After one more passport check, we were finally admitted into the terminal—just in time to join the queue to re-board our flight. A cursory lap of the terminal assured us weren’t missing much, duty-free perfumeries wafted nauseatingly heady combinations of scents, several outlets of Coffee Mania (Russian Starbucks?) competed for real estate and duty-free mega-bottles of liquor shared shelves with $400 tins of caviar. As we lined up to re-board, a girl handing out promotional flyers printed to look like watermelon slices walked along in search of takers. Her bright floral sundress, yellow ballet flats and hair wreathed with flowers looked wildly out of place amid the dour fashions and attitudes that permeated the place.
SIN: 30 hours I’ll admit it—I didn’t expect to like Singapore. I expected an Asian Disneyland full of ultra-sanitized glamor and glitz, overpriced shops and food, eerily clean streets and soulless inhabitants whose only joy in life was indulging in the delectable multi-ethnic street food politely hawked in multi-story malls designed to keep the streets clean of such nuisances.
And in reality? It is clean. Very clean. Airport bathroom floors you could eat off of clean. Touch-screen surveys as you walk out of the bathrooms implore you to “rate our toilets” (and assure you the monitors are sanitized regularly). The MRT (metro) trains are clean. The streets are free from trash and chewing gum (outlawed in Singapore as a public nuisance) And it is efficient. The moment you clear immigration you’re met with another touch-screen survey. Weirdly, once you’d touched the broad smiley face indicating an “excellent” experience, you’re then prompted to explain why it was so good: the length of the queue, the efficiency of the immigration process or the pleasant attitude of your immigration official… you cannot select more than one option. We laughed it off—weird!—but it was actually the first glance of something deeper, troubling and endemic to the city, we just didn’t know it yet.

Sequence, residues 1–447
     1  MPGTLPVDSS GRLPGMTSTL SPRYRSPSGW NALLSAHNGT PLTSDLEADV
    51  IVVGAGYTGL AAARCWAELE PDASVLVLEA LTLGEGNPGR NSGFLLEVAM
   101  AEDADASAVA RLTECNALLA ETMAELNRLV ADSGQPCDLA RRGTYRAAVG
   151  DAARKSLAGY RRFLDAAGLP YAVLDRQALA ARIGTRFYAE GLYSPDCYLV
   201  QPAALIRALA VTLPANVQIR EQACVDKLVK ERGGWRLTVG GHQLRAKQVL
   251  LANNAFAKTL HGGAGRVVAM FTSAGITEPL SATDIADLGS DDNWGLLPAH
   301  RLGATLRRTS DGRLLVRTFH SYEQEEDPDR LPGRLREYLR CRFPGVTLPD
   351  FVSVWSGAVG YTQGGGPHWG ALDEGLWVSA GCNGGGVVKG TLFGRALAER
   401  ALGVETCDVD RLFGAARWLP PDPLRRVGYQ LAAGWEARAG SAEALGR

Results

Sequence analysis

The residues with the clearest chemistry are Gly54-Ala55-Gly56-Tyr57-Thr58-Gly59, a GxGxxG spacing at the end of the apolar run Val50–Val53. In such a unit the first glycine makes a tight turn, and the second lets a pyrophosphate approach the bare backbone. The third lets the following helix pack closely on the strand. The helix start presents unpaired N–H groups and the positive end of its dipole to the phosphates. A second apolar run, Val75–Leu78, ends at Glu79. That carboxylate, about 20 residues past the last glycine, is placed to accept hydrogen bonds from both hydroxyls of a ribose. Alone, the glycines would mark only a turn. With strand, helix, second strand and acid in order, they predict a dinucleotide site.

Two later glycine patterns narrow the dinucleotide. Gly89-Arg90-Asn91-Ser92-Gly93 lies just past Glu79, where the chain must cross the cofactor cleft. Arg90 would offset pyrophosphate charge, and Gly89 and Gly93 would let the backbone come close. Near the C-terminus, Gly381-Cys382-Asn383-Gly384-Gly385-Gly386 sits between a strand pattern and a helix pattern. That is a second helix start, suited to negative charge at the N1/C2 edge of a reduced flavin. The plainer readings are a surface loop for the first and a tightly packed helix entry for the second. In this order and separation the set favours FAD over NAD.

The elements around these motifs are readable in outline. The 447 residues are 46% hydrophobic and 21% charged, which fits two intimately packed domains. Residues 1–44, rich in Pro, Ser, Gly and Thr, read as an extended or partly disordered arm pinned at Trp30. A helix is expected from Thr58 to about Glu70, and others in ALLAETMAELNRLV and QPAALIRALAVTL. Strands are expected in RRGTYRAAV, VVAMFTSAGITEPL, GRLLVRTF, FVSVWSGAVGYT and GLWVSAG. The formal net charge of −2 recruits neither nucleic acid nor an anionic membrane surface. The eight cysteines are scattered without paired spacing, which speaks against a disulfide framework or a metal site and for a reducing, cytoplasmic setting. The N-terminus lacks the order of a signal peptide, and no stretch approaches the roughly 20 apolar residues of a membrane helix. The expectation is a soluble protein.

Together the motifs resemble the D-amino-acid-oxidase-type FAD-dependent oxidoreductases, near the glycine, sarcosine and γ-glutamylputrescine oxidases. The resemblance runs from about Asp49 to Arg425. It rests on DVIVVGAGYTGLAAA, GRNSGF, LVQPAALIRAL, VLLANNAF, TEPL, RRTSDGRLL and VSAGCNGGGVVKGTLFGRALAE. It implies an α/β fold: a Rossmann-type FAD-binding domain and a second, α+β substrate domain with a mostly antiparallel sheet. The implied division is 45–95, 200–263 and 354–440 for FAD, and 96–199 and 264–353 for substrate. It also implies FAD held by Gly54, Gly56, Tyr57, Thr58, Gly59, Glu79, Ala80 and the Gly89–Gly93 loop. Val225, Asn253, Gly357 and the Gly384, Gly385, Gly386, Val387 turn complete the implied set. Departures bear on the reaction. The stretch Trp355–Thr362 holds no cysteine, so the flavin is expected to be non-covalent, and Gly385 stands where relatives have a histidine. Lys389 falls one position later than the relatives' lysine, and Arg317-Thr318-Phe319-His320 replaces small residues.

The MRT (metro) runs right to the airport making getting yourself around a breeze. Newly endowed with crisp Singaporean dollars from the airport ATMs, we descended to station to buy tickets from one of the two ticket machines (two for an entire international airport?) only to discover, along with virtually everyone else in line, that the machines would not take $10 bills unless your tickets were over $6 and that it cost conveniently less than $3 to get just about anywhere in the city. And, of course, tickets were destination specific, so it’s not like you could just team up with whomever was behind you in line and buy your tickets together. Again, on its own this just seemed like an annoying oversight (or a case for hiring a UX designer), but it was also another example of the weird underlying lack of humanism that seemed to make this place tick.